866-566-8996 Email Dealer


    1. Wow. To put that into perspective, in my city you can get a 2900 sqft/270 m2 house with 4 bedrooms, 2.5 baths, 2-car garage, separate living and dining rooms, upper-level room, .25 acre/1000 m2 lot with a neighborhood swimming pool 100 yards/meters walk AND have enough left over to put my 1991 Saab 900 SE Convertible in the garage. That’s crazy money.

  7. Wow. I don’t understand. Likewise, I don’t understand the high prices for American muscle cars, either. I simply can’t make sense of it.

    1. If we base the question “Is it worth it” purely on a profit motive then the answer is clearly a Yes.

      I we base it on whether the car’s actually worth that money, then I wonder…..

      1. Not sure about the profit motive. Some of the big-dollar muscle cars from a few years back are now trading at half or a third of their peak.

        That being said, a classic 911 is good value compared to a new 911. The classic is a know quantity, and it can be expected to remain mechanically sound with reasonable maintenance. It’s arguably more fun to drive in the real world. Also, you can’t ignore the d-bag factor: owning a new Porsche says something about you, but that stigma totally dissipates after 15 years or so.

  8. YOU are right… is not worth it.

    But if you happen to own one….well the argument changes a lot! I thought $300k for 73 RS was high…..18 months later we are talking $800K to 1.1 M……CRAZY.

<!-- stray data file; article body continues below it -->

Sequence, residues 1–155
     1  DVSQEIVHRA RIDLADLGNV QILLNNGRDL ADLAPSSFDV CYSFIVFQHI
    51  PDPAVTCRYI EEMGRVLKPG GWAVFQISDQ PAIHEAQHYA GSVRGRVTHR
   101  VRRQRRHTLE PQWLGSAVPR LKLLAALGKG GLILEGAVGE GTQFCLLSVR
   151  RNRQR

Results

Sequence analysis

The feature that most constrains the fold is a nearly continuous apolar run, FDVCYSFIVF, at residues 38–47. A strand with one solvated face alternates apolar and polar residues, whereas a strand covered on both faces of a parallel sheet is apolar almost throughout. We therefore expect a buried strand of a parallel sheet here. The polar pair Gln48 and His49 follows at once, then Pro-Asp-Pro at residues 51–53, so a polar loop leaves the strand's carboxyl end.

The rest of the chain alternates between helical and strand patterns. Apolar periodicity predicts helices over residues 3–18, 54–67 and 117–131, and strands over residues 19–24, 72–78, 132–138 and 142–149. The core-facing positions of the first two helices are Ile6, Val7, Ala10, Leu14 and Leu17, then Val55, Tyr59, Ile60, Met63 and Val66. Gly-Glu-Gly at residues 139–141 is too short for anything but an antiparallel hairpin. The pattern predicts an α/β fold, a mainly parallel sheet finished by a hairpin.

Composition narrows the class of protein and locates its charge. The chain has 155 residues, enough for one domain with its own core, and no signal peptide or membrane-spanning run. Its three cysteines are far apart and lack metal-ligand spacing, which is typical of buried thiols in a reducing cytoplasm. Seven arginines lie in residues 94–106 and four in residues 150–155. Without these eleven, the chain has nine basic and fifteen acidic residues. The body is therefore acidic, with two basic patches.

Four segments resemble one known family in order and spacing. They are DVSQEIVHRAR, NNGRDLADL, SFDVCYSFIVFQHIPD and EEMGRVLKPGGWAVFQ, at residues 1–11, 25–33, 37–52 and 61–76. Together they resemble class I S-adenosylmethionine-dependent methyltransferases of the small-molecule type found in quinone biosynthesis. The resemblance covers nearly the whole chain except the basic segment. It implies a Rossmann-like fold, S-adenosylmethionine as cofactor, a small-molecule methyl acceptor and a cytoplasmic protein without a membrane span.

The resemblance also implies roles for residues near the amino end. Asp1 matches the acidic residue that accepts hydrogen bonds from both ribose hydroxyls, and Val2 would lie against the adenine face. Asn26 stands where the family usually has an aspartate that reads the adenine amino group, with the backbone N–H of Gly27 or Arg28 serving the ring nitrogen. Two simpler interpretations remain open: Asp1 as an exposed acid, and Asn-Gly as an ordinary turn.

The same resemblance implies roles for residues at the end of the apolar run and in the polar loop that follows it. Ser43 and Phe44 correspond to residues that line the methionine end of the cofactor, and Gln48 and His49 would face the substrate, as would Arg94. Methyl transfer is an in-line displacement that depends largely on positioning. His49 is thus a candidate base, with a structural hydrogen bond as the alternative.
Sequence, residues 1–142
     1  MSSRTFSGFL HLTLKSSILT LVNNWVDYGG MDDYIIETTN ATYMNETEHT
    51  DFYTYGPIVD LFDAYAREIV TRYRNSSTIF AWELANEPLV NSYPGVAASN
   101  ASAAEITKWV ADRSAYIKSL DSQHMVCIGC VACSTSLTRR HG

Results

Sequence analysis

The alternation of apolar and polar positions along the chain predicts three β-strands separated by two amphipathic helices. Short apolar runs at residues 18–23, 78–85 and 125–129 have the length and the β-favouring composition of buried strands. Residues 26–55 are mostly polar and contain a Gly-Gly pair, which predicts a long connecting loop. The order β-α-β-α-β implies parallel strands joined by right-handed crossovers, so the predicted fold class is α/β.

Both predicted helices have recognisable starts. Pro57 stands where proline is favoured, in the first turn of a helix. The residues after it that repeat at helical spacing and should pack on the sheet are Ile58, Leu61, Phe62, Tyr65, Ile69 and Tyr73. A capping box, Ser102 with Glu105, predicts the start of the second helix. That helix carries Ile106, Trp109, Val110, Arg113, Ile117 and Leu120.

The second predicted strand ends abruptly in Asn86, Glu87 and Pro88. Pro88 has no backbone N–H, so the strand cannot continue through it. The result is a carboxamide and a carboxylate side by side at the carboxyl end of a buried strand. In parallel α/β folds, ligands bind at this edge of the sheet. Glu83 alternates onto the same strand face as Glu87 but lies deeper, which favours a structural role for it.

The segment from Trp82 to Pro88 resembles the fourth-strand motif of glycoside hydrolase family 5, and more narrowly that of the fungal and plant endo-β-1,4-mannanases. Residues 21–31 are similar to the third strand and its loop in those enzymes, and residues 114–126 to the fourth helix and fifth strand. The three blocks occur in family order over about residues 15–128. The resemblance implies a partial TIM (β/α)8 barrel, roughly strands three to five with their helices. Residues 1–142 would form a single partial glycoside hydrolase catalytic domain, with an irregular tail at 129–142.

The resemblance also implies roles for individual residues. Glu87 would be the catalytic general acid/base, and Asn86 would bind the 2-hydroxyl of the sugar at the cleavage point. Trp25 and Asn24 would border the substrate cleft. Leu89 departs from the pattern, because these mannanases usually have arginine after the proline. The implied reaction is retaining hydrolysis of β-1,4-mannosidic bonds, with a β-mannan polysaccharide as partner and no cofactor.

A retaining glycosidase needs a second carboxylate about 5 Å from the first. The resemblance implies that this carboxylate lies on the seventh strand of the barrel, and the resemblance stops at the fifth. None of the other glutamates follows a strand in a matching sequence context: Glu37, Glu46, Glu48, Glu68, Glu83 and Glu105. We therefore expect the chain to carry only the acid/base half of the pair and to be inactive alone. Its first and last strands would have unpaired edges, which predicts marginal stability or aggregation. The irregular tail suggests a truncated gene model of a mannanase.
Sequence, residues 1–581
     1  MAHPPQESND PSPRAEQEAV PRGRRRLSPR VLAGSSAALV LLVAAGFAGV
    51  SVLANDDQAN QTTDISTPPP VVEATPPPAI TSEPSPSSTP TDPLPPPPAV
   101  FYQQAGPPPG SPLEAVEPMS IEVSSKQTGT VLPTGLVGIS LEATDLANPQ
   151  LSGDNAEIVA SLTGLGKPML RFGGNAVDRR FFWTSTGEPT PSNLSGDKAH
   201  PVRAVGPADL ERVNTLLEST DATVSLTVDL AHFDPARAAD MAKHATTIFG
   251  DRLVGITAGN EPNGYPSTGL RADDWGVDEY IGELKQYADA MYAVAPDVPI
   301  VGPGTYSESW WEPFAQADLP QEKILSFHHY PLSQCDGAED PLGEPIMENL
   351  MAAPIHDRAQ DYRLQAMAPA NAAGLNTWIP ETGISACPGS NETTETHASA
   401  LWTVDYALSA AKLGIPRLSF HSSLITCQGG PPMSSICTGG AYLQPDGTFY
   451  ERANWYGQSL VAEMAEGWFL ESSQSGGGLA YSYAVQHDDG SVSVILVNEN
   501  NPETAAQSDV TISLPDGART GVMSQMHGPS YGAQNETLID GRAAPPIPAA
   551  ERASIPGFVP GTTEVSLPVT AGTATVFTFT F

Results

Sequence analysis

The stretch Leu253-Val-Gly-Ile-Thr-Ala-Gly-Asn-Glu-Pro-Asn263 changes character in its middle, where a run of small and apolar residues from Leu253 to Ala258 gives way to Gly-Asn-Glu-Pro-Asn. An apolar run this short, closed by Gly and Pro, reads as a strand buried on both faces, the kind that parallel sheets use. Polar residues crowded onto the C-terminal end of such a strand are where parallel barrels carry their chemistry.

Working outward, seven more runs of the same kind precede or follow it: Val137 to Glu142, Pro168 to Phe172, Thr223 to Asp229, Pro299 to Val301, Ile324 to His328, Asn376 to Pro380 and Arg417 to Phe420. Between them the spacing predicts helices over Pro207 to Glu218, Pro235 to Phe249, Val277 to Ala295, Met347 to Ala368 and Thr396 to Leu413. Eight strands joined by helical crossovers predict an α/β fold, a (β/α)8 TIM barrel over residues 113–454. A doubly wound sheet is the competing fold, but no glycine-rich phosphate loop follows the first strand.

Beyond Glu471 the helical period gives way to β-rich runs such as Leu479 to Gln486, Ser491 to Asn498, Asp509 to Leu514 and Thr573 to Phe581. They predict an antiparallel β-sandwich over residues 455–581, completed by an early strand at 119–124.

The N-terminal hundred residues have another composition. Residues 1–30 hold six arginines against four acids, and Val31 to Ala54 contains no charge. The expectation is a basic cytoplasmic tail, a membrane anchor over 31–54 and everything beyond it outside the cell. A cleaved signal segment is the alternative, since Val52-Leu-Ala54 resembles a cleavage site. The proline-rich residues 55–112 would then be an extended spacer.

In 1999 I could have bought a beautiful lightweight 73 RS for $75,000 USD….That was the market then.

  9. You want to talk about crazy money for a car…or in this case TWO cars?

    First one is a 1967 Corvette L-88 convertible that sold for USD$3.2 MILLION ($3.52 million with the 10% buyer’s fee).

    The second was another L-88 Corvette…this one a 1969 model…and it sold for USD$2.6 MILLION ($2.86 million with the buyer’s fee)…TO THE SAME PERSON!!

    Now both are extremely rare cars…the 1969 is 1 of 4 ever built, and the 1967 is 1 of 20. But that is some chunk of change right there.

    I watched both auctions, and took screen shots with my cell phone of the buyer. Just could not believe my eyes.

    Cars like this are no longer looked upon as cars. They are investments…sadly. And as long as there are folks with seemingly bottomless pockets, the prices will only escalate. And most, if not all cars in that category, will never be driven ever again. What a shame.

    Now that being said, I was at the Hilton Head Island (South Carolina, US) Motoring Festival & Concours d’ Elegance back in November of last year, and talked to a fellow who has a Fly Yellow 1967 Ferrari GTC that he drives every day, and has put over 175,000 miles (108.5km) on it. A car worth in the mid to high 6 figure range, but he said…”hey…it’s only a car, and cars were meant to be driven”. Told him I couldn’t agree more. 🙂

  10. That is a power of money for that car. I don’t think it’s a candidate for a clean and leave car. There is a trend to leave them original as evidenced by the recent sale of a very scruffy 300 SL that sold for 300k more than the restored car parked next to it.

    Early 911s have been on the up for a while. Next will be G models up to 89. I think there is 5 years left before SC and Carrera 3.2 are off the scale. Swade, there is a perfect 88 3.2 not far from you.

    Watch 300 SL cabriolets go over a million soon, Gullwings are heading to 2 million.